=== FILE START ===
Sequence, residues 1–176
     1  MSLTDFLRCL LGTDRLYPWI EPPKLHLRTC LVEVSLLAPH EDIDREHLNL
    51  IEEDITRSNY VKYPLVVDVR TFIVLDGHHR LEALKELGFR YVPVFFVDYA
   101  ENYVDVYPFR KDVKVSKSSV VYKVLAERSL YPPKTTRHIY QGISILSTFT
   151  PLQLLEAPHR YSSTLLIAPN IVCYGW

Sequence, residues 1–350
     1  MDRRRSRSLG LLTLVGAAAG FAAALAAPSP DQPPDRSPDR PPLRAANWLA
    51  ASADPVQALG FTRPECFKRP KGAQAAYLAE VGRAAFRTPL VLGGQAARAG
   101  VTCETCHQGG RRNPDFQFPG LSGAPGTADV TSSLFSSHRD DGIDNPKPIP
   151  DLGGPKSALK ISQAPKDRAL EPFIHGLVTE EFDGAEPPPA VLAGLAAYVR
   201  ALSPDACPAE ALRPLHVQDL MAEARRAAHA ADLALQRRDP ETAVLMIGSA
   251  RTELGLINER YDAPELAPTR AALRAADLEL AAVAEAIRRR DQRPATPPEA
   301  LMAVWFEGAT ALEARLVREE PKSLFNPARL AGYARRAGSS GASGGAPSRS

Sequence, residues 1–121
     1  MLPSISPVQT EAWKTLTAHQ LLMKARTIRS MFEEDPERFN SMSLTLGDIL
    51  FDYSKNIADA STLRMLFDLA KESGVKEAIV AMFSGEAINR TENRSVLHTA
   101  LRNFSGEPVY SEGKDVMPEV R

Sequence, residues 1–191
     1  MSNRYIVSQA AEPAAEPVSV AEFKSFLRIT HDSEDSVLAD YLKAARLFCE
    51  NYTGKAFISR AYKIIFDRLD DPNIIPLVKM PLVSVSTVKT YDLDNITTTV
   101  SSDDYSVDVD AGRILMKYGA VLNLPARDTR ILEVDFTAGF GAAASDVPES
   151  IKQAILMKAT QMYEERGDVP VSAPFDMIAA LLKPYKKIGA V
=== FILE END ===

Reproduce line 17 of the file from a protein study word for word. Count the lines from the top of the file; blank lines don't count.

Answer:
   101  LRNFSGEPVY SEGKDVMPEV R